This is not the first time that libraries have been proposed for closure on spurious grounds, and it certainly won’t be the last. The battle against closures in Wirral was fought and won on the following grounds:

* Stated intention for large numbers of closures
* Driven by asset-review, not social outcomes
* Ineffective consultation with public (and staff)
* Potential of library services not well recognised
* No workable strategy for service improvement
* ‘Good Practice’ elsewhere not being considered

The evidence above suggests that these grounds are also relevant to Leeds’ proposals.  We urge library campaigners and library users in the Leeds area to press the DCMS to conduct a review of these proposals on the grounds indicated above.  Many of the libraries in Leeds have seen increased usage in the past year and as the spending cuts start to bite this trend is likely to continue.  The communities most affected by these closures are those that need them the most.  We should do everything possible to ensure that this does not happen.

12 thoughts on “Statement on the proposed closure of Leeds libraries

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  3. anon

    Hmm well the problem with your take on this is that a % doesnt mean much when you look at small libraries, as it can easily equate to a very small actual increase in issues. I’ve seen %s dive at small libraries with the death of one or two active borrowers…. I don’t work for Leeds and have no axe to grind but I do feel that a kneejerk “all libraries must be kept open” campaign is wrong. Some of these libraries will not be viable in the current climate. A hard fact but true, a library service should be able to change according to demand, demographics etc etc and not stagnate. What you will end up with is a poor service across the whole network of libraries, especially if the bookfund takes the hit instead of closing libraries. A 28% reduction HAS to be found from somewhere with 12% in 2011 its a very tough call.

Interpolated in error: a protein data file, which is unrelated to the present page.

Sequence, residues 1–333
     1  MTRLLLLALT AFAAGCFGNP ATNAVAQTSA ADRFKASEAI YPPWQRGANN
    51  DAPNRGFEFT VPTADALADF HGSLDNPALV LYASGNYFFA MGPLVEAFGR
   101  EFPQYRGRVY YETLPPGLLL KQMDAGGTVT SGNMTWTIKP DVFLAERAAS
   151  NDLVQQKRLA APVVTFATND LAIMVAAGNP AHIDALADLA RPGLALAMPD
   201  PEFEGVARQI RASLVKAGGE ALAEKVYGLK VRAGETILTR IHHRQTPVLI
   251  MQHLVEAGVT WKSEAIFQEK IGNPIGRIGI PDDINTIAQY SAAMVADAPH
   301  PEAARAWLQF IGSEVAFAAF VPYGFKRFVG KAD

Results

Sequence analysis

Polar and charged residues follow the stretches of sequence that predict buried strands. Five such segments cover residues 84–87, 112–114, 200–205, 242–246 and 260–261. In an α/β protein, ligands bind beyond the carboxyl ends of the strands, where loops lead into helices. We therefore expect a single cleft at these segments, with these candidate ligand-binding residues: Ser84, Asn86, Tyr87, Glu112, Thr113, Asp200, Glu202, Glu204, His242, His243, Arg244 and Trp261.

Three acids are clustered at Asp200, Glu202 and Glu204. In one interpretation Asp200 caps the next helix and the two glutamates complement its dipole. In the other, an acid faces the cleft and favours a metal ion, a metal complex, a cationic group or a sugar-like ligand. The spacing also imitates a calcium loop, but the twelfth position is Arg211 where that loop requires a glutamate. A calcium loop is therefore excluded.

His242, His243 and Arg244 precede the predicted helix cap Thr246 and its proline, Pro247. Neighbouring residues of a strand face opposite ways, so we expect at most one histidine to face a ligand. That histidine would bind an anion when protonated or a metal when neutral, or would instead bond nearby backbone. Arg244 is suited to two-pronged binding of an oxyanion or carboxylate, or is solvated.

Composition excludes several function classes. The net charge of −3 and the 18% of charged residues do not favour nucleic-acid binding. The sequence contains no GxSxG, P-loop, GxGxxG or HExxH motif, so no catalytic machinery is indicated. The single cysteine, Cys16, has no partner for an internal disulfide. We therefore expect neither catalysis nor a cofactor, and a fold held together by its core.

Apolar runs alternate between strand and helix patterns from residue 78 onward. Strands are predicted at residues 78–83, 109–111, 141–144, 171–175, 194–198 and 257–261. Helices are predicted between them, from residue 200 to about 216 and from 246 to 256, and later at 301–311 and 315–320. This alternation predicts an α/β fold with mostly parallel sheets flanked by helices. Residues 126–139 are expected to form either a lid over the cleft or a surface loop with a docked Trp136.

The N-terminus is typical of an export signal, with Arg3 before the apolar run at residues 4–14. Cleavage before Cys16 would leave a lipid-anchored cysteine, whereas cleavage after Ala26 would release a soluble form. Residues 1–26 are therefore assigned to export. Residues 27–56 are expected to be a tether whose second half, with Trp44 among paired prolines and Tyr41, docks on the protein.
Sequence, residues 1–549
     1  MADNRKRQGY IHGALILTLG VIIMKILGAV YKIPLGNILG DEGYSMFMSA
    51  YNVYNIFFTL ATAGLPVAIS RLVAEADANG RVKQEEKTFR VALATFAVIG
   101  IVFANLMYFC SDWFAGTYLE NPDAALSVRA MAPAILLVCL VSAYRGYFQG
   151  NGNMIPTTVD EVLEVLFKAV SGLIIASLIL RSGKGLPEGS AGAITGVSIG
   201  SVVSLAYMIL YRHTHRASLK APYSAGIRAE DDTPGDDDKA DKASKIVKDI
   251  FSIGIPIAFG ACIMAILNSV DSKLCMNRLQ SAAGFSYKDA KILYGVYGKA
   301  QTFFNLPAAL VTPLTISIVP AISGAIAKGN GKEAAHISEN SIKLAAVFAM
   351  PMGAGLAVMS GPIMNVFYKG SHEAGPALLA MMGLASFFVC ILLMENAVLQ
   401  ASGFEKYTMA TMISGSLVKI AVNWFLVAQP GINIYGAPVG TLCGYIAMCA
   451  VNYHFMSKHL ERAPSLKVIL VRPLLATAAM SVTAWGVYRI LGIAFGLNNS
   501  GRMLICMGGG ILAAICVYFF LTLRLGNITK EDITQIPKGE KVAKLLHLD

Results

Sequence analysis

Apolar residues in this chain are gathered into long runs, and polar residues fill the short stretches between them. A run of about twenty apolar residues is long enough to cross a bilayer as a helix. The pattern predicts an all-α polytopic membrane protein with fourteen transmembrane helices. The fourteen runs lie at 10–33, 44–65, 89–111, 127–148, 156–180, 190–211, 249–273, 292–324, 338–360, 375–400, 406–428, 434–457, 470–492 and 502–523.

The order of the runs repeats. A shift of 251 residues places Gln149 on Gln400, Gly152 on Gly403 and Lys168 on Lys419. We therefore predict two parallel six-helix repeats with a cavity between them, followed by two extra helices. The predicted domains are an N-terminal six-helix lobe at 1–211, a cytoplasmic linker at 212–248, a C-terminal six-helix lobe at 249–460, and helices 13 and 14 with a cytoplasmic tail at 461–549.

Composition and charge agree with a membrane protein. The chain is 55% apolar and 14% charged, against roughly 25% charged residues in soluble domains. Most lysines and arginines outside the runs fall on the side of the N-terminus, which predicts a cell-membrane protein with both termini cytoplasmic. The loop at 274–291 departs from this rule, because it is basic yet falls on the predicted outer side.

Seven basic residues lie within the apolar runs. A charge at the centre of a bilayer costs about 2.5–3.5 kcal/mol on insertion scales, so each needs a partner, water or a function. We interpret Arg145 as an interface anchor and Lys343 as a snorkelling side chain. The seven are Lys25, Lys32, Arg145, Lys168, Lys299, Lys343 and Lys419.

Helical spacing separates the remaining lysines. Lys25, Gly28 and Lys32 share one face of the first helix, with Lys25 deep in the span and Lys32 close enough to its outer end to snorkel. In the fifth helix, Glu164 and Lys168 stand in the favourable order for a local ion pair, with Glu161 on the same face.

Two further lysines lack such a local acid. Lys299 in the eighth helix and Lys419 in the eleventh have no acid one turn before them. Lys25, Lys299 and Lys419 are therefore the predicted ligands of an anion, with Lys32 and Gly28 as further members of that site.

4. ijclark Post author

    Hi anon, many thanks for your comments and for dropping by our website. We really appreciate comments from everyone who cares about our library service, especially at this time. I understand what you are saying about %ages, they do not always tell the whole story. However, I would like to use Richmond Hill as an example of where the %age is a fair reflection of actual usage. In 2008/9, the library there had 8,534 visits. In 2009/10 it was 12,149. Whether that increase be by %age or by actual figures, that is a pretty big increase. And what makes this even more marked is that the library is in an area of high unemployment (higher than most in Leeds). To give another example, Shadwell library went from 8,670 book loans in 2007/8 to 12,684 loans in 2009/10. Again, not an insignificant increase. We would argue that libraries such as these should not be in line for closure. There is clearly an increasing demand for them in their local communities and libraries that are being used in this way must be saved from closure.